Just starting your trail running journey? Or maybe you’ve been doing it for a while, just not much after dark. Here are 8 helpful tips for trail running at night.
1) Get A Headlamp
This is probably the most important trail running night gear you can have. A headlamp will allow you to see the trail in front of you so you can safely leap over rocks, roots or whatever other obstacles there might be. It’ll also help you stay on the right path, aka not get lost.
You may even need two sources of light. At times, I’ve used a running hand lamp in addition to my headlamp. The headlamp provides general light, while the hand lamp can be more pinpointed and directional.
I use the Nathan Zephyr Trail 200 model. It fits comfortably in your hand with straps keeping it in place so you’d also have to have a tight grip on it.
2) Choose Your Trails Carefully
When trail running at night, it’s best to stick to trails you’re already familiar with. Or at least have easy-to-follow markers and directions.
It’s a lot easier to follow a trail in the dark if you’ve done it five times, 31 times, 100 times, or whatever. You get the point.
3) Let Someone Know Where You’ll Be Running
The trail, the mileage, and how long you plan on being gone. This is huge if you’re trail running at night alone.
I’ll often text my dad that info, but you can do best friend, partner, family, whatever works best for you. Even if they’re a ways away they’ll be able to pass this information along to the necessary parties should the need arise.
4) Wear Reflective Clothing/Accessories
Although you might not be crossing many streets or running near cars, you never know where the run can take you. Having the right reflective clothing and/or accessories will help you be seen. Plus they would be quite helpful in an emergency situation where someone is looking for you. Any reflective clothing will stand out with flashlights.
Some running brands even have a specific line of projects made specifically for being seen at night. They should be pretty easy to get year-round, but brands release a bunch of them in late summer or early fall to help prep for the upcoming shorter days.
Check out some of these specific lines by Brooks and Sugoi. But even if don’t get a special hi-viz jacket, a lot of running apparel has a few pieces of reflective gear on it anyways. Places like the logo, the shoulders, sleeves or back.
If you don’t want to buy any new gear, you can always buy a reflective vest, a clip-on light, or various other reflective accessories made for that. Running Warehouse always has a great selection of those.
5) Carry Extra Food & Water
In case you take a wrong turn and don’t end up getting back as soon as you like. Even if it’s just an extra pack of Honey Stringer Chews and a full hydration bag of water when you normally fill it up halfway to cut weight.
You never know when that’ll pay off.
6) Wear Or Carry A GPS Locator
In case you do get lost. Very popular with hiking, but can also be used for trail running. Hook it on your hydration pack or belt. Or even throw it in a running shorts pocket if the model is small enough.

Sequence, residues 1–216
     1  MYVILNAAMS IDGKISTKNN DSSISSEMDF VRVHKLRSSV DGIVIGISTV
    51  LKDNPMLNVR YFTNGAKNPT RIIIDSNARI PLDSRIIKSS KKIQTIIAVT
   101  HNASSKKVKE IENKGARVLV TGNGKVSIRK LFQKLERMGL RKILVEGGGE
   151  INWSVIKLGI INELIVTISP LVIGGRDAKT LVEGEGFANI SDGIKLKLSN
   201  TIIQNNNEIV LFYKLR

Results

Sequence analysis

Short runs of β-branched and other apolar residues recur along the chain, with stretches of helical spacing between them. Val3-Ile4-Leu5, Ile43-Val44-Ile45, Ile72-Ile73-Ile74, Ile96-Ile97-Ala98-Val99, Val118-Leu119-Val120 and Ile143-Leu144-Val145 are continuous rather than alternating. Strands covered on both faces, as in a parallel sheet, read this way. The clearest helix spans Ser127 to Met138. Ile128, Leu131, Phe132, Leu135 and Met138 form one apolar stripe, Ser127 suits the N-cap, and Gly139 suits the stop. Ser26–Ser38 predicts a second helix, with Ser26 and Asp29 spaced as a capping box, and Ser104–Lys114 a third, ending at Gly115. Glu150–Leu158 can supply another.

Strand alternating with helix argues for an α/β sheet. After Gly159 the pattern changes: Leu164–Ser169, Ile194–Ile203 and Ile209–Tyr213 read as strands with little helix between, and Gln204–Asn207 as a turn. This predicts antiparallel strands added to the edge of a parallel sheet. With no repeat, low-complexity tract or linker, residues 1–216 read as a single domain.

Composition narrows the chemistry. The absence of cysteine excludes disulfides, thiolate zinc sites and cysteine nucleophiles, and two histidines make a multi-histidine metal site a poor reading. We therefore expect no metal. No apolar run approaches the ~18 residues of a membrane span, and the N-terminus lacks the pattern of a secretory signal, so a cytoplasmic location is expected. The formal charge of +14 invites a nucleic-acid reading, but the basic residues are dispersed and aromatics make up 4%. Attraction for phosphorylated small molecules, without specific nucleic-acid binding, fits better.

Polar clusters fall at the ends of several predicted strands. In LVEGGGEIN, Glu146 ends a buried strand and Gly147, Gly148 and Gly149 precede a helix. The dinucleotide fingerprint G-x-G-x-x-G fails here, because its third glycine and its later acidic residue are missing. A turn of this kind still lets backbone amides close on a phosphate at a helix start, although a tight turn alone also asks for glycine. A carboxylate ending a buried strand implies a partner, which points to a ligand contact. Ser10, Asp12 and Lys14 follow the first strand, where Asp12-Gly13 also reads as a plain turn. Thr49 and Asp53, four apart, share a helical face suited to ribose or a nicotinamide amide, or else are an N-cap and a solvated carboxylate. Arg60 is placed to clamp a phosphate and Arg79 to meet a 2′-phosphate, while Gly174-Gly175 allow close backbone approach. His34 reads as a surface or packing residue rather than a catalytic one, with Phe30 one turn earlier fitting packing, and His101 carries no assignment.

Garmin and SPOT are popular brands in this space. Press a button to call for help. Some even have emergency texting services available.
7) Run With A Buddy (Or Few)
This is even better than simply telling someone else where you’ll be. Bring that person with you.
Or if you happen to be in Richmond VA, you can join some of us crazy folk during the next REMR, which stands for Really Early Morning Run. It’s a trail run generally held twice a year at 2 am on Saturday mornings.
Mileage varies by what you’re looking to do. Some members of the group run throughout the night and grab breakfast to cap off the event. I typically cover 4-7 miles and call it a night. It always seems to happen on my busy weekends, and I enjoy my sleep.
8) Start Slow
Start slow and ease into the run. Let your eyes adjust. Get your trail legs underneath you.
Dial in your headlamp and/or hand lamp settings and make sure they fit properly.
What’s A Good Headlamp For Trail Running At Night?
The Black Diamond Spot 400 Headlamp is a great compact headlamp for trail running. It’s got a 400-lumen max output, and various brightness levels, and it’s even IPX8: waterproof-tested to operate at least 1.1 meters underwater for 30 minutes. So you’ll be good if you get caught in the rain with it.
Or go for the BioLite HeadLamp 330, a no-bounce rechargeable headlight with a great fit. This one is popular for being super lightweight and having a very simple, streamlined design.
They can also be used for camping/hiking or as a spare light source in your car. I’ve got a few stashed away in key spots, like my glove box and my everyday backpack in case I forget to grab my primary one for post-work runs in the wintertime.
How Many Lumens Do I Need For Trail Running At Night?
According to REI, you want a headlamp that is capable of producing 200 lumens as a minimum. You should also be sure that the headlamp you choose has various different beam and brightness settings so you can tweak it to your needs while out on the trails.